The best pitcher in Japan this season was probably SoftBank’s Kodai Senga. According to Coskrey, Horiuchi complained that “he could be better.” I guarantee if you dropped Senga into Horiuchi’s era of the 1960s and 1970s, he’d be vastly better.
The panelists recognize that the game is changing but at the same time seem put-off by the idea that teams are trying to maximize the utility of their pitching resources rather than using games as a kind of homage to the old ways.
I’ve written about this in the past, but when people these days point to the huge numbers of complete games thrown 50 years ago, they are giving the impression that those starters were regular running up high pitch counts. They weren’t. Most of the complete games in the 1960s were right around 100 pitches.
It was a different game. Batters were not walking as much. Weaker hitters were not as good as they are today, and there were more really bad teams with soft lineups. And even the best pitchers were yanked early when they had awkward first innings.
People often yearn for an idealized past, and part of the Sawamura Award process is a push to turn back the clock to an era when the competition and context were vastly different and use the award to get players and teams to alter their behavior, a kind of annual MAGA gathering with good manners and suits instead of red hats.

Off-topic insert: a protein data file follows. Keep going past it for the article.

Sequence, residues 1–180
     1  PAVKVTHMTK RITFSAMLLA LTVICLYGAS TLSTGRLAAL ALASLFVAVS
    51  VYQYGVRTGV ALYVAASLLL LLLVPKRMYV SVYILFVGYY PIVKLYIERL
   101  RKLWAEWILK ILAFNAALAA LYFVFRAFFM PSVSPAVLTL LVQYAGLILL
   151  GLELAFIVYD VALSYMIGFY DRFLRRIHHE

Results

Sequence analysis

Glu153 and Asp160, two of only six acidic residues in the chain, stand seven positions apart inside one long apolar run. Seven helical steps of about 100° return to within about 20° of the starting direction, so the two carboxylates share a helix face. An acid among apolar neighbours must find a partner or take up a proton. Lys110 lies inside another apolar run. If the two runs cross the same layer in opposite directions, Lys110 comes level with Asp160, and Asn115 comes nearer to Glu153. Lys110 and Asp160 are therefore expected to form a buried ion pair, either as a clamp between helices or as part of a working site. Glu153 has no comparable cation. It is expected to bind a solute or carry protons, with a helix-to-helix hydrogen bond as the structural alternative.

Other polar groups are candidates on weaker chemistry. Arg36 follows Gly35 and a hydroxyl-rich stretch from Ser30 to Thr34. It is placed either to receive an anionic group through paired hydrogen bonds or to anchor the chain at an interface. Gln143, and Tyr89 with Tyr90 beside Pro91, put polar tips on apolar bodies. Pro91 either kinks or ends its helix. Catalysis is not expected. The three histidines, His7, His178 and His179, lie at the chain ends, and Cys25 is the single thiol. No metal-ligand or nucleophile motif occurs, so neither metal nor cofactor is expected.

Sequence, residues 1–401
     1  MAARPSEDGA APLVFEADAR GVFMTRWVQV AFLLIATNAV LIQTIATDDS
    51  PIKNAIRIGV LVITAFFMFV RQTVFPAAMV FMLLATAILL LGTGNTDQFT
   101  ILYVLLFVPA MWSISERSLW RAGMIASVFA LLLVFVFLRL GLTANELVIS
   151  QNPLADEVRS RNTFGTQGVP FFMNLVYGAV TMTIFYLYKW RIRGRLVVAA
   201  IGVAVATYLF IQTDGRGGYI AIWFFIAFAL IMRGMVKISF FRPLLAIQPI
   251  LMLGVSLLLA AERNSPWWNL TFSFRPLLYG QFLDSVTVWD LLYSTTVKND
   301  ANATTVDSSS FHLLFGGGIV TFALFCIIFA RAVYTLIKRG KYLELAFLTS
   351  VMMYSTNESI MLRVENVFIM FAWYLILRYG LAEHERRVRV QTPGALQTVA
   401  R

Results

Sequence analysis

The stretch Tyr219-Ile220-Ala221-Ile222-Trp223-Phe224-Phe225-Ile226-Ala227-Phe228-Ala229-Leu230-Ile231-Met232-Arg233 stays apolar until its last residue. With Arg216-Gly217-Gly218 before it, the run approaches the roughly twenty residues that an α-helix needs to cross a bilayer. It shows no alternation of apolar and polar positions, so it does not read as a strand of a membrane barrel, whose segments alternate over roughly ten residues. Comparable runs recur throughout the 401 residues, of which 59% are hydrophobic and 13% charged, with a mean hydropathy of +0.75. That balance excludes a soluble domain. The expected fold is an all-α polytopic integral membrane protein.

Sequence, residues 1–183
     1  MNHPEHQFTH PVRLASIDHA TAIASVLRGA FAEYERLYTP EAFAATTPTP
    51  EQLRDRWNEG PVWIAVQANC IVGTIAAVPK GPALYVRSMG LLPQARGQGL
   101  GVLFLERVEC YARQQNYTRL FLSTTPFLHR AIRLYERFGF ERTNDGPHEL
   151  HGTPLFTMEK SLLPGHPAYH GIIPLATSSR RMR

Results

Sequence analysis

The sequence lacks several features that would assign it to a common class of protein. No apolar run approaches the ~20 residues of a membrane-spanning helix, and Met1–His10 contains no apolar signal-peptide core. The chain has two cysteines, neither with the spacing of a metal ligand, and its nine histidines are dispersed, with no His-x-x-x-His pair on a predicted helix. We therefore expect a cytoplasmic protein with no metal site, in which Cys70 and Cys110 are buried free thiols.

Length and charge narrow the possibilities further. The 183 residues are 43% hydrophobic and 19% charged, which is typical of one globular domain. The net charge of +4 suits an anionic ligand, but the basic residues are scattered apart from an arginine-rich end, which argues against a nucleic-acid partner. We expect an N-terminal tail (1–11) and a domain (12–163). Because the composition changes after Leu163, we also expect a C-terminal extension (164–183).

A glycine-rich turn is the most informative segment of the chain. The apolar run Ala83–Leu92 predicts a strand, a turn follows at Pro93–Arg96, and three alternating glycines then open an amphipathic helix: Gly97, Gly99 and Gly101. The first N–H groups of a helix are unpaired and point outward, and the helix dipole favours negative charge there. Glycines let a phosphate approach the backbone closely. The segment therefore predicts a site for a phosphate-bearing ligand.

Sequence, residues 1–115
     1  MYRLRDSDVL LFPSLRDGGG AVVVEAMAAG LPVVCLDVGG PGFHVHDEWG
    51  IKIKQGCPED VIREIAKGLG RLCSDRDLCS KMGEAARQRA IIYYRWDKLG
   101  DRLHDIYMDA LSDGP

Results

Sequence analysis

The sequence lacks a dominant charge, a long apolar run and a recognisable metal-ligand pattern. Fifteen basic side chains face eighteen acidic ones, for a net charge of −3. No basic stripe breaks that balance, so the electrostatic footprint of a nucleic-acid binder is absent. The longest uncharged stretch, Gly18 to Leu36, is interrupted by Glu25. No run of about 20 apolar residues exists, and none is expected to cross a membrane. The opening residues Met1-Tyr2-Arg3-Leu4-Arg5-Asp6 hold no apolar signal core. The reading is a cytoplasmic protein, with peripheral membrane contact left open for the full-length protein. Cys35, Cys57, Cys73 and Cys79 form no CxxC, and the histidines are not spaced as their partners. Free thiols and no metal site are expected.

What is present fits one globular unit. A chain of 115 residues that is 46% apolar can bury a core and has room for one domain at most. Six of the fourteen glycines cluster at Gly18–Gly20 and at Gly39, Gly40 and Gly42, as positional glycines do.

Back in the day
Japan’s “Way of the Warrior” was a concept from Japan’s warring states period, teaching how samurai had to train and be righteous in society. But the actual formal documents called “Bushido” are an artifact of Edo period ‘s extended peace, a time when the warrior caste had become fossilized and essentially redundant.
At that time, the Tokugawa clan dominated the nation and samurai became underpaid petty bureaucrats in a society that became dominated by the merchant class. In that situation, it was no surprise that many samurai were forced to engage in commercial pursuits — something prohibited by Japan’s caste system — and strayed from the path they were ideally supposed to follow.
Like the rants of the Sawamura committee, the purpose of formalizing bushido and publishing it as texts was to make the samurai act in conformity with a doctrine that conflicted with the need to keep their families from starving.
Likewise, the Sawamura committee would have pitchers suddenly be as good against today’s superior competition as they themselves had been against the weaker hitting opponents of their day.
The committee would have teams reject using pitchers in ways managers and organizations believe will maximize their abilities and use them in a more heroic and dramatic fashion. To what end do they want this? To see the past relived through today’s pitchers.
While they mean well and truly want to inspire pitchers to new heights, I have three words for all of them: Get over it.